The next day as Moses went out, he saw two Jews fighting. While trying to stop one from beating the other, the Jew asked him if he would kill him also as he had killed the Egyptian. This worried Moses since he knew now that his murder was widely known. Shortly thereafter, the murder was reported to the authorities and Moses became a hunted man.
Moses now was forced to flee from the palace and hide like a wanted killer with a bounty on his head. This caused Moses to flee to Midian, a desert community far from the reaches of Pharaoh. It was said that the fact that the Jews spoke between themselves about his killing the Egyptian taskmaster bothered him very much. He felt that since they talked freely about it would cause G-d to not redeem them.
In Midian, he like his forefathers congregated at a well. There he again risked his life to aid the daughters of the former High Priest of Midian to obtain water for their flocks. After displaying such deeds of heroism, the former High Priest, Yethro, invited him to join them in there home where he gave Moses his daughter Tzippora for a wife. Here in the desert of Midian Moses tended Yethro's flock. Here was born Moses' son Eliezer.
It was here in the desert that Moses encountered the famed "burning bush" the bush that burnt but was not consumed. Seeing such a strange sight, Moses crept forward to see why the thorn bush was not consumed by the fire. As he came closer G-d called to him to announce that it was time for the beginning of his divine calling.
The rabbis have explained that the burning bush represented the lowly Jewish people, who although were in low and destitute straights, would not be consumed by the fire. It was a matter of G-d's providence that would protect them.
It is interesting to note that Moses did not circumcise his son. This is very strange especially in light of the ancient Hebrew tradition from the time of Abraham that all boys were to be circumcised. Because his parents had circumcised him, he was quickly identified as a Jewish child. Yet the rabbis tell us that he did not ignore circumcision but rather he postponed it in order to leave on his divine mission with out delay. It seems that Moses was aware of his special calling.
G-d wanted Moses to go to Egypt and be the spokesman for G-d to speak to Pharaoh. Moses declined the honor differing to his older brother Aaron. The rabbis tell us that by this act of refusing G-d's offer, his own son Eliezer who was destined to be the High Priest would be replaced by Aaron's sons.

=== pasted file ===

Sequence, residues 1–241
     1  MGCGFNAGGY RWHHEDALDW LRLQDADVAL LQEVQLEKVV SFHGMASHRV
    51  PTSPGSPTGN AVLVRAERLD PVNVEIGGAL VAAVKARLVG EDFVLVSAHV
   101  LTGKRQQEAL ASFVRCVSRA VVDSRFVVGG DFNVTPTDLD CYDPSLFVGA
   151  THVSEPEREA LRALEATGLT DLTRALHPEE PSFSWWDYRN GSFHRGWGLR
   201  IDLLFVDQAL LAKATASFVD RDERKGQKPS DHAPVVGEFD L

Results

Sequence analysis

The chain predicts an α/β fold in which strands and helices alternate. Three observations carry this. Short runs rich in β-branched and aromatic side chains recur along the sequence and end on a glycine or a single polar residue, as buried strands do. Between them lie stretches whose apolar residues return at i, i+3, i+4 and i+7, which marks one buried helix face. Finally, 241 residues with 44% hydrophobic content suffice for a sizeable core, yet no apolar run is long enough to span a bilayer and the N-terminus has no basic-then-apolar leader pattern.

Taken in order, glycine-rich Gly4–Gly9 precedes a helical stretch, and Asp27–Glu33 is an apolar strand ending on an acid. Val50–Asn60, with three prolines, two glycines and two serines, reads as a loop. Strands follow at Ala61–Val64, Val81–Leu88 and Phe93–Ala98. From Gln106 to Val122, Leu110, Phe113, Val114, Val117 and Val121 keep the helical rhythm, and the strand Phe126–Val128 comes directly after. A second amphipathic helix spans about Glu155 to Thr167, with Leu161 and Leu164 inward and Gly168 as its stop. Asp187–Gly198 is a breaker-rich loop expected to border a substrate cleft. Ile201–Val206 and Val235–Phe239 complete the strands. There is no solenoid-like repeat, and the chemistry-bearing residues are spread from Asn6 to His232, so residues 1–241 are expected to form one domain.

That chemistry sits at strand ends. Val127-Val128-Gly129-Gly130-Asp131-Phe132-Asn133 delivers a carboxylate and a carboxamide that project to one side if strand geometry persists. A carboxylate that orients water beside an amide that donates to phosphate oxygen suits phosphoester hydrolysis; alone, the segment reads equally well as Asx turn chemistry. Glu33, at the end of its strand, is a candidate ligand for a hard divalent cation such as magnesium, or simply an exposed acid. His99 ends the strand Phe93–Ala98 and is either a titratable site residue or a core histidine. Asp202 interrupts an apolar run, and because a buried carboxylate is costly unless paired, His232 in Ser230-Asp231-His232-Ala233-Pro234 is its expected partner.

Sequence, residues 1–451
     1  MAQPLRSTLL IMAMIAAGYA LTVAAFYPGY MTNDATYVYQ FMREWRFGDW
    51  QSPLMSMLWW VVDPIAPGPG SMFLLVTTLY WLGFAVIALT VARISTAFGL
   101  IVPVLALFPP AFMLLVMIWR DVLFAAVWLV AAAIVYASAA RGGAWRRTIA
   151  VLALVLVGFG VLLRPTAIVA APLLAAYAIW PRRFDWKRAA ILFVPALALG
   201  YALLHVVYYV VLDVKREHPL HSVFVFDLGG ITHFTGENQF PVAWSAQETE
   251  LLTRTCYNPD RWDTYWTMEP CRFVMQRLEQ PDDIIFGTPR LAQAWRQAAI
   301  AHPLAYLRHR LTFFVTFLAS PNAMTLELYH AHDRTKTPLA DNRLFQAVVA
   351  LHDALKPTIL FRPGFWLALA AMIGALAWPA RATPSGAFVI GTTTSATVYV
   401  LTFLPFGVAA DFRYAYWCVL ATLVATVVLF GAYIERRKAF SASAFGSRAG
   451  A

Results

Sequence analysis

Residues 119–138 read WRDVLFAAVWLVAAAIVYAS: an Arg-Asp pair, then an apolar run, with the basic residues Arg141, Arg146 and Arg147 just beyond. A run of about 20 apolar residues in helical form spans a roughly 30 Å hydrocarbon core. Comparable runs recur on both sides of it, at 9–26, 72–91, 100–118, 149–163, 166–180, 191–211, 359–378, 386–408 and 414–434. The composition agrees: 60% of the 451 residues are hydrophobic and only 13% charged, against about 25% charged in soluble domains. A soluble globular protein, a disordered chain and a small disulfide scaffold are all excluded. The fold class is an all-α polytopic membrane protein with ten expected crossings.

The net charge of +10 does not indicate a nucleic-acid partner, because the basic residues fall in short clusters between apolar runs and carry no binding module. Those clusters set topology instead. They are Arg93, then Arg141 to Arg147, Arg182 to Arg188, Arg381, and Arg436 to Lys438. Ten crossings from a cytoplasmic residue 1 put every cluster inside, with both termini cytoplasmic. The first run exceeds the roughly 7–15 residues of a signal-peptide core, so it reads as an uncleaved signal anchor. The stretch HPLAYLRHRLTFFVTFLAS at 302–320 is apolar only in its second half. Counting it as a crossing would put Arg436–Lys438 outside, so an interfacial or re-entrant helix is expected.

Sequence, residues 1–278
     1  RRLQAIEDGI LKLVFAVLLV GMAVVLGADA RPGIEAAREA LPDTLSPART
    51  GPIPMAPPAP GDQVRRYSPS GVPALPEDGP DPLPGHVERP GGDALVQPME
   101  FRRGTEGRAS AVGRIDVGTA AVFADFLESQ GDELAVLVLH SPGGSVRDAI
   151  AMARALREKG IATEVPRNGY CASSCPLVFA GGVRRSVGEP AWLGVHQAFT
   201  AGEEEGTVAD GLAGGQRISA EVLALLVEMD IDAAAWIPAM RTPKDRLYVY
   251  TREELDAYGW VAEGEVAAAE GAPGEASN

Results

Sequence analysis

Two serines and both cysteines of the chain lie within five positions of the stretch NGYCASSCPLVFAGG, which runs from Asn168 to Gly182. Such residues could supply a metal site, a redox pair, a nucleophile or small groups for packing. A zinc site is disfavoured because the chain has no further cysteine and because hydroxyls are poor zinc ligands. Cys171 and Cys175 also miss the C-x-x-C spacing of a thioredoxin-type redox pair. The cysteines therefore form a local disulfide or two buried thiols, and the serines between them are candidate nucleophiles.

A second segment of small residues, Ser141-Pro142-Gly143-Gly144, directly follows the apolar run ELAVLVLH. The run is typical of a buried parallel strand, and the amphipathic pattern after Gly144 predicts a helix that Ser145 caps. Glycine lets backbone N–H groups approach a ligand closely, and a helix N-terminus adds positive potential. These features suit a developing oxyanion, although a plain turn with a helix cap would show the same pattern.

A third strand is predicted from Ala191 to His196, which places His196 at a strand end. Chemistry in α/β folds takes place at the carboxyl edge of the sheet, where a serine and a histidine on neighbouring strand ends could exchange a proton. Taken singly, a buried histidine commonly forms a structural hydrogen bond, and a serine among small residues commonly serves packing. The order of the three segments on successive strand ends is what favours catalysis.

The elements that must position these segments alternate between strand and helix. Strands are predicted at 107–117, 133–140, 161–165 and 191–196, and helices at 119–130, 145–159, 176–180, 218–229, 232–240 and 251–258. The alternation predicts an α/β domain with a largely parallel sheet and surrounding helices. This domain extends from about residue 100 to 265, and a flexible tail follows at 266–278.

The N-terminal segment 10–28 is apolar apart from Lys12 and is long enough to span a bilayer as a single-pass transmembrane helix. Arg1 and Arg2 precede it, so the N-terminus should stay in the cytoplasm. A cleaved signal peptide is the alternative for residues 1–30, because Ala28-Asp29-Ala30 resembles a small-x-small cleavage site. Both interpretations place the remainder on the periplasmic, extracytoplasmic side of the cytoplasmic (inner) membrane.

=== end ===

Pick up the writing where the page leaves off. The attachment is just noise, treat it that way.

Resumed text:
Moses declination was too much and angered G-d enough to mete out a punishment to Moses. His hand turned leprous.
* * * * *
As we look back and analyze Moses' life we see two themes that run concurrently in his life. One is that Moses was divinely selected to be the leader of the Jewish people. Because of this Moses possessed a special character.
However, we see also that Moses had to prove his worth. He had to stand up against injustice even at the expense of his own comforts. He had to show that he was willing to sacrifice all of the luxury that he had possessed to save a poor down trodden Jew. The same is true when he risked his life to defend the daughters of Yethro. He was not just willing to risk a personal loss for the sake of others; he actually had to experience this loss on a very real level.
That Moses was divinely selected was shown by the fact that he came from the finest lineage, that the basket in which he was placed "happened" to reach the arms of the daughter of Pharaoh, who "happened" to choose that time to abandon idolatry. It just happened that his sister was there at the shore to help Pharaoh's daughter and was selected to bring a Jewish wet-nurse to nurse the new found child. The wet-nurse turned out to be none other than his own mother.
In addition, we see that Moses had to prove himself. It was not enough to rely on G-d's predestination to achieve that level of prophecy that Moses was to reach. Moses had to show that he was willing to give up his life of luxury and wealth to save a Jewish person. He had to show that this love of justice extended even to the daughters of Yethro who were being discriminated against when they tried to draw water from the communal well.
Moses possessed humility that surpassed that of all men. His concept of himself was not that of and independent being, but rather that of being a servant of G-d. His life was dedicated to others.
Perhaps his life and character was too lofty for us to emulate, but we can learn that putting others' needs before our own, even to the point of great loss is the hall-mark of greatness.